The Elegant Universe, a PBS site, shows author Brian Greene discussing String Theory and a Theory of Everything. Here’s the first video , second video and third video on Youtube. It’s a joy to watch when you’re in a geeky sort of mood. It helps that he’s kinda cute.
Tag Archives: Science
A NAME, EIGHT BIRDS & SOME STAMPS
Photo: 1982 issue Philippine stamp for 30 centavos (sentimos), documented online here.
My childhood nickname refers to a fruit dove. Which particular species, I wondered? According to the Department of Environment and Natural Resources, this document identifies 4 different species as “Punay” on p. 66. There are also other pigeons that go by the same name. Which one was I named after?
It might be Treron formosae filipinus, or the Whistling Green-Pigeon, once hunted as food fowl. Here is a photo of the Japanese species, as I can’t find a local photo. Here is another, clearer side view photo, from Mangoverde.com, publisher of the Mangoverde World Bird Guide.
Photo: Treron formosae (Japan). Screen capture from this birdwatching site, with detailed descriptions.
Or it may be Ptilinopus marchei, the Flame-Breasted Fruit Dove / Marche’s Fruit Dove.
Photo: Ptilinopus marchei. Screen capture from British Oriental bird specialist Desmond Allen’s video originally posted here.
Or it may be Ptilinopus merrilli, the Cream-Bellied Fruit Dove or Merrill’s Fruit Dove. Here’s another screen capture from Desmond Allen’s video.
Could it be, perhaps, Ptilinopus arcanus, the Negros Fruit-Dove? (See illustration below.) My mother is from Negros. There are no extant photos of this bird. The last documented sighting was a female specimen collected in 1953, unless you count this site‘s claim that “local contact Rene Vendiola sighted a Negros Fruit-Dove last year” (2002). International birder Sander Lagerveld reported to Oriental Birding that “the male Negros Fruit-Dove reportedly looks like a miniature Yellow-breasted Fruit-Dove.” (Clicking on Lagerveld’s name leads you to his 3-part Philippine bird tour report, complete with maps and local contact info!) In the meantime, here is an attractive illustration of that female bird, from BirdLife.org:
There’s also Ptilinopus leclancheri, or the Black-Chinned Fruit-Dove. If you notice I’m posting another screen cap from Desmond Allen’s video – it’s because his videos are so very clear and show excellent frontal views in good light. However the “black chin” is not very apparent until you look more closely. Please also check out this excellent photo, from the gallery of photographer Romy Ocon. Here is another, by Mark Harper. There is a 2008 issue stamp! Look for it here.
How about the Treron pompadora, or Pompadour Green Pigeon / Philippine Green Pigeon? Here is a very clear photo by Romy Ocon, and another by J.P. Carino. This, happily, has a population that is not as threatened or endangered as the others.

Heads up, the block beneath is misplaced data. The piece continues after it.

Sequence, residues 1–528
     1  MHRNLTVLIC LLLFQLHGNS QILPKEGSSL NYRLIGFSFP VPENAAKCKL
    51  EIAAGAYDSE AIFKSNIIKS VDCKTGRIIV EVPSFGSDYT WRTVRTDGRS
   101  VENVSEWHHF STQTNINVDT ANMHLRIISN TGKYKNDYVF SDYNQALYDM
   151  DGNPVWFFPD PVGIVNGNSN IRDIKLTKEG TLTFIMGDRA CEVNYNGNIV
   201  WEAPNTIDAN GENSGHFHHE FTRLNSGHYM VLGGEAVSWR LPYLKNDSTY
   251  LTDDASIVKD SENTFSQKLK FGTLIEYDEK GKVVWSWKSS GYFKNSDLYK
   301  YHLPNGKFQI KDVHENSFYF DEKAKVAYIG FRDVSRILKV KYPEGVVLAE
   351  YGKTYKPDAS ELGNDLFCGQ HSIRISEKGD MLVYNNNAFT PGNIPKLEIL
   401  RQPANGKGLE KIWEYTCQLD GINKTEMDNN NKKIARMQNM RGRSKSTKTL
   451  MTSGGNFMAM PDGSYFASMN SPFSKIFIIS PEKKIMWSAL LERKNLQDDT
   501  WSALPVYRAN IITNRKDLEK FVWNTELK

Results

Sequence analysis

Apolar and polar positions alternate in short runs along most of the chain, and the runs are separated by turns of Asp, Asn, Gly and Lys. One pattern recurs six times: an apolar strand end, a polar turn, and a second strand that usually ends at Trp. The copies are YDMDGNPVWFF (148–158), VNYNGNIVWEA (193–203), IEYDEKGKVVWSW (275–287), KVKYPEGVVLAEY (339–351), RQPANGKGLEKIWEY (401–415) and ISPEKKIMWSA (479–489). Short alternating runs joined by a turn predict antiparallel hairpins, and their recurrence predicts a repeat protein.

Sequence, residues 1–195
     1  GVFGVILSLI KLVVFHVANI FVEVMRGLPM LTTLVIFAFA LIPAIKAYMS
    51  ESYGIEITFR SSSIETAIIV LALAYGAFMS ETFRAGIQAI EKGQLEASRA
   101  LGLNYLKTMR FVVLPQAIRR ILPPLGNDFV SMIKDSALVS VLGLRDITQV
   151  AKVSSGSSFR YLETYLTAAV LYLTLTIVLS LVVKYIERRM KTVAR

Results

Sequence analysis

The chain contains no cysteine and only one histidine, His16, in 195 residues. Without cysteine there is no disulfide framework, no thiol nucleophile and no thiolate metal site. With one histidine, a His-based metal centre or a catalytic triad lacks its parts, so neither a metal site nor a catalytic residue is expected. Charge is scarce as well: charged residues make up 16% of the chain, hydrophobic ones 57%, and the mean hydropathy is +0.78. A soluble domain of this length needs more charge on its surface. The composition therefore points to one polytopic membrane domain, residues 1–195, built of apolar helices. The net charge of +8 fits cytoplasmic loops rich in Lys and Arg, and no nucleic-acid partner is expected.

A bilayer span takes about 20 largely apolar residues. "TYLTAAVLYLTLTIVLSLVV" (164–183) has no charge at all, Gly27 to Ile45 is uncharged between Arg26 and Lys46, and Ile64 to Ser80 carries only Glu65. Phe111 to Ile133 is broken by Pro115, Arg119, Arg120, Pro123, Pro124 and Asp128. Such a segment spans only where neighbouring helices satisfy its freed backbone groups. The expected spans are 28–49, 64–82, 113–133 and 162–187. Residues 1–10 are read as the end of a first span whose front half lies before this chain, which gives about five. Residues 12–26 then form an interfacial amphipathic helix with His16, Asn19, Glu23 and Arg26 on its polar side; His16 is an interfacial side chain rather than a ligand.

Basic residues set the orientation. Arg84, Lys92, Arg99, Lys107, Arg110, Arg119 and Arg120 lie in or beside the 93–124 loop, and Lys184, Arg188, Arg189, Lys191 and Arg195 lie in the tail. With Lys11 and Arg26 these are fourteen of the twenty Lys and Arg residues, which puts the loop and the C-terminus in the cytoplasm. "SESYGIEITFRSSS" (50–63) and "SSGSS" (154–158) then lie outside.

And lastly, there are the bleeding-heart birds. The Luzon Bleeding Heart, Gallicolumba luzonica rubiventris, is called Punay. This is such a beautiful bird, check out this fantastic photo by Ken Ilio. The Mindoro Bleeding Heart, Gallicolumba platenei, is also called Punay. Unfortunately I have not found a photo of the bird at this time.
It appears that Punay is the local name given to some smaller varieties of fruit dove, green pigeon or bleeding-heart pigeon. Many of the birds listed here are threatened species.
As of this writing I want to look for the stamps featuring the Punay doves.
Birdwatch.ph (Wild Bird Club of the Philippines) is a wonderful site promoting local and provincial birdwatching activities. It also offers a downloadable taxonomic list of scientific and common names, among other great references..
There are a good number of Philippine bird references in print, or that you can Google for, if you would like to know more. I’ll list them in a later blog, together with a list of links to local birdwatching groups and information sites online.
My friend Benjie dela Pena turned me on to this interesting site that he posted on Facebook, the Sputnik Observatory for the Study of Contemporary Culture. (Link, and above screen capture, show theoretical physicist Michio Kaku discussing interplanetary life. There are other thinkers on the panel.) Yes, geeky, but SO interesting. It’s nice to listen to people’s ideas in a conversational manner, and to see how they relate things to real life.
Don’t worry, it won’t give you too much of a nosebleed. It just puts you into a certain perspective.
Benj recommended that I mouse over the site banner, and so I did – Hahaha! How VERY COOL! You go and do it yourself, and find out more.